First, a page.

Appalachia, Craig Tolliver, D.B. Logan, Daniel Boone Tolliver, feuds, Floyd Tolliver, Hiram Pigman, John Martin, Kentucky, Lee Cemetery, Martin-Tolliver Feud, Morehead, Rowan County, Rowan County Feud, Tolliver-Martin Feud
Appalachia, Cabell County, Cook Humphrey, Craig Tolliver, Democratic Party, history, Huntington, Huntington Advertiser, John Martin, Kentucky, Morehead, politics, Republican Party, Rowan County, Rowan County Feud, sheriff, Solomon Bradley, West Virginia
From the Huntington Advertiser of Huntington, WV, dated July 2, 1887 comes this letter about the Rowan County Feud:
The Rowan County War.
The writer is not surprised that your paper of last week fell into the current of popular opinion and denounced the Toliver gang, of Morehead, Kentucky, as the guilty ones in the celebrated feud which has caused the killing of about thirteen persons. Later advices appear at least to throw doubt on the subject of who is really to blame. Let us see. Here is the Cincinnati Enquirer’s account of the origin of the trouble, taken from that journal of the 23d inst.:
“The beginning of the trouble dates from the August election of 1884, when Cook Humphrey, a Republican, was elected sheriff by a trifling majority. He was a young, spare-built man, fresh from the country, and unsophisticated in appearance and manner. Craig Toliver, at the head of a party of friends, declared that Humphrey should not serve as sheriff. On the evening of the election a row occurred. Pistols were drawn and used, and Solomon Bradley (Democrat), a friend of Toliver’s, was shot and killed. The killing was charged against John Martin, and Toliver swore to be avenged. Subsequently Floyd Toliver and Martin got into a fight and the former (Toliver, Democrat) was killed on the street. From this time it may be said that the Martin (Republican) and Toliver (Democrat) factions were organized in deadly array, both sides determined never to yield, one to the other.”
The analysis of the above is, that the Republicans, having carried the election, became more or less insolent towards the opposition, who were correspondingly depressed and sore over their defeat, and gave utterance to their disappointment, and Craig Toliver used a very foolish expression to the effect that the Republican sheriff elect should not be installed. It is probable that this was accompanied by charges of fraudulent voting on the part of the Republicans–at any rate it was not such an offense as to justify Martin, Republican, in shooting Sol. Bradley, a partisan of Toliver’s. Subsequently Floyd Toliver denounced Martin for having killed Bradley without sufficient provocation and in an unmanly way, and was himself shot by Martin on the instant. So that a war of extermination seems to have been inaugurated by the Martins and their Republican following, against the Bradleys and Tolivers and their Democratic following, and signalized by the cold blooded murder of two of the latter. If this is true, and the record seems to bear it out as true, then the Tolivers were simply defending themselves and their households and party friends against the tumultuous murder of the Martins and their Republican following.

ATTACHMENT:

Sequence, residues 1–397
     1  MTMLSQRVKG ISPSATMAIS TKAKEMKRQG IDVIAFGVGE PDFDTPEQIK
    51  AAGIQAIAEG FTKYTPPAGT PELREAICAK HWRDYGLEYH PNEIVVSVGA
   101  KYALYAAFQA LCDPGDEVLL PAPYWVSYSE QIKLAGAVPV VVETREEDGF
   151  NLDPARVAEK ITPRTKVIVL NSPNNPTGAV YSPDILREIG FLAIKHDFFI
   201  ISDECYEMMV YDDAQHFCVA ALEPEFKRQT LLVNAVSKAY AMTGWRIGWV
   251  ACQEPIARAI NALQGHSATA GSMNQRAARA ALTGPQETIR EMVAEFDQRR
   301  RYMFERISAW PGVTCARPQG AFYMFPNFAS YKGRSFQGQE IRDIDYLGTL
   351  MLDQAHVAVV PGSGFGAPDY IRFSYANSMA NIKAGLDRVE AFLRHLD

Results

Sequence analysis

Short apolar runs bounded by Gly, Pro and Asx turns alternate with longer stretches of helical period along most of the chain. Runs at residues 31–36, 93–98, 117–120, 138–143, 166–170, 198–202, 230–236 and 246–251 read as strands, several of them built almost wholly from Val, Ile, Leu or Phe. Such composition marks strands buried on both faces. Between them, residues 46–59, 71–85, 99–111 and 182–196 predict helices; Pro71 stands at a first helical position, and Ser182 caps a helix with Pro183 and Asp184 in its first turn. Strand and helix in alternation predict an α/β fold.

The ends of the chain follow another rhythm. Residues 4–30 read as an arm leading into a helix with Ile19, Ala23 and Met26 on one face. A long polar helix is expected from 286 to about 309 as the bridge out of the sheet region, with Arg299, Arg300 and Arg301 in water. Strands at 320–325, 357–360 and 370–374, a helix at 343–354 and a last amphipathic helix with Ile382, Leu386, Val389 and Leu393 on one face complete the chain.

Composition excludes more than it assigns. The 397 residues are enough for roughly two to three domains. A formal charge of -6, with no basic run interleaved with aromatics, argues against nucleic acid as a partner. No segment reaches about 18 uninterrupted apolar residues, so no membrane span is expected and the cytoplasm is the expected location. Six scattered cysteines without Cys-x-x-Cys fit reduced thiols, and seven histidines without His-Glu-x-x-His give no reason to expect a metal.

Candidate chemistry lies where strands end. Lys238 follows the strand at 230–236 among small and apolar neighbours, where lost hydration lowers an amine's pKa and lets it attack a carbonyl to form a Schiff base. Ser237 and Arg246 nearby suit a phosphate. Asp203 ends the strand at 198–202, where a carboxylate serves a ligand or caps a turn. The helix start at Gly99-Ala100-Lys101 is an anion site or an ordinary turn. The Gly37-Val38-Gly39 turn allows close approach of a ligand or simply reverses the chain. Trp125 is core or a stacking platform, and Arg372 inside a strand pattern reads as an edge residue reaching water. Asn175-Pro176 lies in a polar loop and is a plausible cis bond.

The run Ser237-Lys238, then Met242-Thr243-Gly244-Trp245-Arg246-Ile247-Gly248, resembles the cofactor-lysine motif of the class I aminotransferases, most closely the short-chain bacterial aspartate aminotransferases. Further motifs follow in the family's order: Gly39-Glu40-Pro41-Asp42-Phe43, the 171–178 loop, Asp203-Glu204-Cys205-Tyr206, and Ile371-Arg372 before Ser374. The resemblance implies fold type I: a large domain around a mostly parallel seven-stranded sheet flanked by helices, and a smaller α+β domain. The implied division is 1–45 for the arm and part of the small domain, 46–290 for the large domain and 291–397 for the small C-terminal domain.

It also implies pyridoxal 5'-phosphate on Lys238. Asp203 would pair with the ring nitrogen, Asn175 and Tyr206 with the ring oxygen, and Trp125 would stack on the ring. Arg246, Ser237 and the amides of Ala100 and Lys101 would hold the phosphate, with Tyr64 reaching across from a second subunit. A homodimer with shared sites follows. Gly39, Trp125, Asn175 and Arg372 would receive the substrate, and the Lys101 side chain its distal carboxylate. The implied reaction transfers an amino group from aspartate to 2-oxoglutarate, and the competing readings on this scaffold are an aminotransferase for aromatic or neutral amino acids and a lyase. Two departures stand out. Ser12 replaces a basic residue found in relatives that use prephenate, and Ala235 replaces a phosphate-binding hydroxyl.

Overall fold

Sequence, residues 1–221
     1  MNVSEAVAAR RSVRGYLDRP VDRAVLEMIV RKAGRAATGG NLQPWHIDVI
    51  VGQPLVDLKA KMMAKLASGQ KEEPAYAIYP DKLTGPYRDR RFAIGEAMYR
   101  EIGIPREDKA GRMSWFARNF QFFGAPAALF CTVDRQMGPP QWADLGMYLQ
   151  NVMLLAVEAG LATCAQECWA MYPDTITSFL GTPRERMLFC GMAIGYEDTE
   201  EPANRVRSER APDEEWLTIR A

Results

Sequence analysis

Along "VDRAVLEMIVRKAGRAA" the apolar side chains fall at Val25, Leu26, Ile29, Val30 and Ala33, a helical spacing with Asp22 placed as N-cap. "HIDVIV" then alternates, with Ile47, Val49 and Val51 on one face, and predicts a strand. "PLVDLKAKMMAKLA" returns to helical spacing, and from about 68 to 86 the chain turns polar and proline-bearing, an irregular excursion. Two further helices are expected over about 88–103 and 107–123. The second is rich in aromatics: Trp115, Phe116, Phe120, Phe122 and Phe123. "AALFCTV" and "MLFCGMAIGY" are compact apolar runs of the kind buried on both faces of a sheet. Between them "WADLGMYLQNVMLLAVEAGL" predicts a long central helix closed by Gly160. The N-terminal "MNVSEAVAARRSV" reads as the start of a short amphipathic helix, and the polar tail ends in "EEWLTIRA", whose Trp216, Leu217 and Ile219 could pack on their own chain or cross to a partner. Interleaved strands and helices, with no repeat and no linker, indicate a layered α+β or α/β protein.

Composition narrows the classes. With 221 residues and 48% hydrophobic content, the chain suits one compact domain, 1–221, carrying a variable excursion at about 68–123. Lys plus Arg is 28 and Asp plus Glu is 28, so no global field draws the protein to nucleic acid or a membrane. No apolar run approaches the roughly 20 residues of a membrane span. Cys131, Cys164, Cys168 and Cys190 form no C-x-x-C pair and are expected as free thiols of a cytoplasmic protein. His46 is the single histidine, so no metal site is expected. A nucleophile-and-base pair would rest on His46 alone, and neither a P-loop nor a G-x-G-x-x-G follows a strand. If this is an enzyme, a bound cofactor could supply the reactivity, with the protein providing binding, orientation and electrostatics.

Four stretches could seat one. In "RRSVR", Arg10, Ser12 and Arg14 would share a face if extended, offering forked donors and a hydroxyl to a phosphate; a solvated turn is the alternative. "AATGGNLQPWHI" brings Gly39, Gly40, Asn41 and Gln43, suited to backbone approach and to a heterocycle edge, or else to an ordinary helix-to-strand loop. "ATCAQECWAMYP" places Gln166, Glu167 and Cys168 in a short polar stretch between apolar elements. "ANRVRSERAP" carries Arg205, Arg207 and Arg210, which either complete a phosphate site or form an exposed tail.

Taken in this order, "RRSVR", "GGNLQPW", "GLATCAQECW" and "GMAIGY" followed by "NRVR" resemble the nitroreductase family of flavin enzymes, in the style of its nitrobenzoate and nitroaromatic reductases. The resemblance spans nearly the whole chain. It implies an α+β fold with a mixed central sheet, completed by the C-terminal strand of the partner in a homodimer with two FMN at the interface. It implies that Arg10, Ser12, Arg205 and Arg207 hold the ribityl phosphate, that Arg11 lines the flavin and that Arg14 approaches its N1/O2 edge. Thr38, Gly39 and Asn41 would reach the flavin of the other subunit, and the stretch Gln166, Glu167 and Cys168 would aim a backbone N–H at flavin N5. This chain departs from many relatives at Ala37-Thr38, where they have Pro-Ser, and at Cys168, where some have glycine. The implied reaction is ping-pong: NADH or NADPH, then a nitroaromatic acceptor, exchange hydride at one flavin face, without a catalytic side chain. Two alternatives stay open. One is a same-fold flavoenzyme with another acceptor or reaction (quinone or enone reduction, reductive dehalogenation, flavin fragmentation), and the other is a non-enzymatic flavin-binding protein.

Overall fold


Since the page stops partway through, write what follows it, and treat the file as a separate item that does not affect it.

The subsequent getting possession of the person of John Martin (already a double murderer) and his killing at the hands of the Tolivers, whose brother and friend he had slain, was in the nature of retribution, and justified by the circumstances. Later, killings on both sides followed from the hot blooded feud which these had aroused, and while some of them appear to have been barbarous in the extreme, yet they legitimately came of a war of extermination such as had been initiated by the Martins and responded to, and not by the Tolivers and their friends.
A prominent citizen of Cabell Co., now sojourning near the scene of the disorder, in Rowan County, says:
“I suppose the dispatches have told you the war news; how 300 Republicans succeeded in killing four Democrats; but the war has only begun. I hear, to-day, that the Democrats are organizing a company near —— to put down the mob at Morehead who did the killing. He is more than sanguine who thinks the trouble ended.”
Our fellow-citizen, on the ground in Kentucky, evidently thinks the late killing of the three Tolivers unjustified by the facts as they are known to him. Let us wait for the facts.
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